Walsh, Diana (2011)
M.Res. thesis, University of Birmingham.
DNA double-strand breaks (DSBs) are known to be the most deleterious of lesions and if left unrepaired, may result in apoptosis or gross chromosomal rearrangements. The non-homologous end joining (NHEJ) pathway is the main repair pathway for DSBs, and defects in the pathway have been shown to cause genomic instability and contribute to tumourigenesis. It has been shown that post-translational modifications play a large role in the control and regulation of the NHEJ pathway, and therefore present attractive targets to develop new therapies. Several components of the NHEJ pathway, including XLF, XRCC4 and DNA Ligase IV have been suggested to undergo acetylation in response to DNA damage, and it is thought that this may play a role in the regulation of the NHEJ pathway. Following investigation, it was found that these components may become acetylated in vitro, however in vivo, the results were more elusive. The results suggest that XLF and XRCC4 are basally acetylated prior to DNA damage, but may become hyper-acetylated in response to a DSB. If acetylation is confirmed to play a regulatory role in the process of NHEJ, it may provide a target which may be exploited in order to develop novel cancer treatments and therapies.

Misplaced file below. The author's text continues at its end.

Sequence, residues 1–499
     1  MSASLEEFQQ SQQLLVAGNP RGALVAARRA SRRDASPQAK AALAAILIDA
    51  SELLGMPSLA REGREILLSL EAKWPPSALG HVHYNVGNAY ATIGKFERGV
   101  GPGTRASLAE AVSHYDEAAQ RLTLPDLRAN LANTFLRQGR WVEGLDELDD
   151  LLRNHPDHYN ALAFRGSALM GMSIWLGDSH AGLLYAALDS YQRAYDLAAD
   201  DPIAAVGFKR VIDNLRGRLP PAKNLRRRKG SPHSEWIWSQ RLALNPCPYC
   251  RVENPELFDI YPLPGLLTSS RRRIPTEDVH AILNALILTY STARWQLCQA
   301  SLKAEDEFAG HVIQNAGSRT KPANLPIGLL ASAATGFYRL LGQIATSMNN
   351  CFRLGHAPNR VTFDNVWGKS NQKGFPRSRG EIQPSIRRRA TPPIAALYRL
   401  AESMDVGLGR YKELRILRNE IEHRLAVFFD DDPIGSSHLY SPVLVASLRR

Exome sequencing combined with techniques such as autozygosity mapping provides a useful method to examine variants for autosomal recessive diseases. This approach has been used to investigate and identify the causal variants in two Pakistani families with Ichthyosis and two Israeli-Arab families with Cerebral palsy. Autosomal Recessive Congenital Ichthyosis (ARCI) is a rare and genetically heterogeneous disorder characterized by hyperkeratosis in addition to dry, scaly skin. Exome sequencing data for two affected individuals from two Pakistani families were analysed. Candidate variants were screened for in several additional members from each of the families to determine if the mutation segregated. It was found that a mutation in ABCA12 segregated in all affected members across both families. Linkage analysis studies performed suggested that the variant had originated from a common ancestor, which implied that the families may have been distantly related. Cerebral palsy is characterised by non-progressive abnormalities in posture and motor function as a result of a defect in the development of the nervous system. Exome sequencing data was provided for two individuals from two Israeli-Arab families with Cerebral palsy. A novel variant found in HPDL is believed to play a causative role in the Cerebral palsy investigated; however this gene has not been well characterised and so collecting evidence to support this theory will be challenging. The successful identification of disease genes and the improved understanding of their methods of pathogenesis, new potential targets may be discovered through which new treatments, therapies, and methods of diagnosis may be developed.
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